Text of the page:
Northwestern Events Calendar


MENA Monday. Oil and Empire, 1871-1929 — A Talk by Joel Beinin

When: Monday, April 3, 2017
12:00 PM - 1:30 PM CT

Where: Kresge Hall, The Forum (Kresge 1-515), 1880 Campus Drive , Evanston, IL 60208 map it

Audience: Faculty/Staff - Student - Post Docs/Docs - Graduate Students

Cost: Free

Contact: Danny Postel  

Group: Middle East and North African Studies

Category: Lectures & Meetings


How should we write the history of the modern oil industry? The story of oil has most commonly been related as a heroic tale of entrepreneurs who sought adventure and reaped fabulous wealth. In counterpoint, the petroleum industry has been presented as an emblematic case of vertical integration and the tendency of capital towards monopoly. Oil is first and foremost a commercial commodity. Those who produce it do so primarily to reap profits. That cold reality has often been obscured by imperial rivalries over access to oil and dubious claims that there is some intrinsic advantage to oil being produced and supplied by a country's own citizens. "Oil and Empire" examines the tensions between oil as a commercial commodity and the strategic considerations of empire in the Middle East and beyond.

Joel Beinin is Professor of Middle East History at Stanford University. He is the author of Workers and Thieves: Labor Movements and Popular Uprisings in Tunisia and Egypt (2015), The Struggle for Worker Rights in Egypt (2010), Workers and Peasants in the Modern Middle East (2001), and The Dispersion of Egyptian Jewry: Culture, Politics, and the Formation of a Modern Diaspora (1998), and co-editor (with Frédéric Vairel) of Social Movements, Mobilization, and Contestation in the Middle East and North Africa (2013)and (with Rebecca L. Stein) The Struggle for Sovereignty: Palestine and Israel, 1993-2005 (2006).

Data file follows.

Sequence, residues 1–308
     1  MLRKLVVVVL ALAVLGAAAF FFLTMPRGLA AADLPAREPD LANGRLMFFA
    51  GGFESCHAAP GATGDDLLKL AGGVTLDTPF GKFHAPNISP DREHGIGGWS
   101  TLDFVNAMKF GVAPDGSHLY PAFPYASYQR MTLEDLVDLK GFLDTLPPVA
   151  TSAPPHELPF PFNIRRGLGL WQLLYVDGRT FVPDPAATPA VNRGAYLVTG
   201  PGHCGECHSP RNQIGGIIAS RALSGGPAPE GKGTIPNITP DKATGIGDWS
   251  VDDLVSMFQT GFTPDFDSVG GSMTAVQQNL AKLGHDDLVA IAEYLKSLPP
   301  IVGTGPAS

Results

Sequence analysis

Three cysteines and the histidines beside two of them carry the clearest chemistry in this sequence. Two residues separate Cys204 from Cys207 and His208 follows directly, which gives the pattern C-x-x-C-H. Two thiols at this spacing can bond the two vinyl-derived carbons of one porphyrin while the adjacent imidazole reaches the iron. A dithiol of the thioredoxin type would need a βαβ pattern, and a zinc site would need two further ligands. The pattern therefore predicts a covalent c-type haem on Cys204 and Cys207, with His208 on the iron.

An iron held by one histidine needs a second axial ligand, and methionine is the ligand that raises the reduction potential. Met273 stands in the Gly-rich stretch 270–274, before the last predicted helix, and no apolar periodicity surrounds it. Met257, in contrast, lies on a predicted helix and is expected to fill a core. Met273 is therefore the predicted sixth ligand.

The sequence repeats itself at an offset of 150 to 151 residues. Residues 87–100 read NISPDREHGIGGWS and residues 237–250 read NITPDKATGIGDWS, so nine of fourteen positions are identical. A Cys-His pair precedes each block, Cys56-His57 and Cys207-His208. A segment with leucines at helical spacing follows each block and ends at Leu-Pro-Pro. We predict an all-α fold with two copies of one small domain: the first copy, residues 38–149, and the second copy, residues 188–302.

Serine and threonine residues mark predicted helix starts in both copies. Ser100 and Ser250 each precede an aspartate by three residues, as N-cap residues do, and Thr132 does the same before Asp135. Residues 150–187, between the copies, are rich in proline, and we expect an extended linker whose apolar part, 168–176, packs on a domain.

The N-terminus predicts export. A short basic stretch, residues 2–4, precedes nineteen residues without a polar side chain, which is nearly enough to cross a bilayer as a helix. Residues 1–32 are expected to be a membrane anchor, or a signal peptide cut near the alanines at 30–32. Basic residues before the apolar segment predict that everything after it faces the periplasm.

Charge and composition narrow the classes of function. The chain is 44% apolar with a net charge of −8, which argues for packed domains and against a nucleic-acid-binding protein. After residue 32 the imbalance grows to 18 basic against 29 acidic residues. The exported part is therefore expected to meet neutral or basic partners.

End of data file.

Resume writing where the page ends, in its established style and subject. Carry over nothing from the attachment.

From 2006 to 2008 he served as Director of Middle East Studies and Professor of History at the American University in Cairo (AUC). In 2001-02 he served as president of the Middle East Studies Association of North America (MESA). He has been associated with the Middle East Research and Information Project (MERIP) since 1980, serving as an editor and contributing editor of Middle East Report. He is series editor of Stanford Studies in Middle Eastern and Islamic Societies and Cultures.

Professor Beinin will give another talk at 6:00 pm at the Evanston Public Library on his recent book Workers and Thieves: Labor Movements and Popular Uprisings in Tunisia and Egypt. That event is free of charge and open to the public. Registration is not required, but helps the library plan their seating. You may register with the Evanston Public Library online or by calling the Reference Desk at 847-448-8630.

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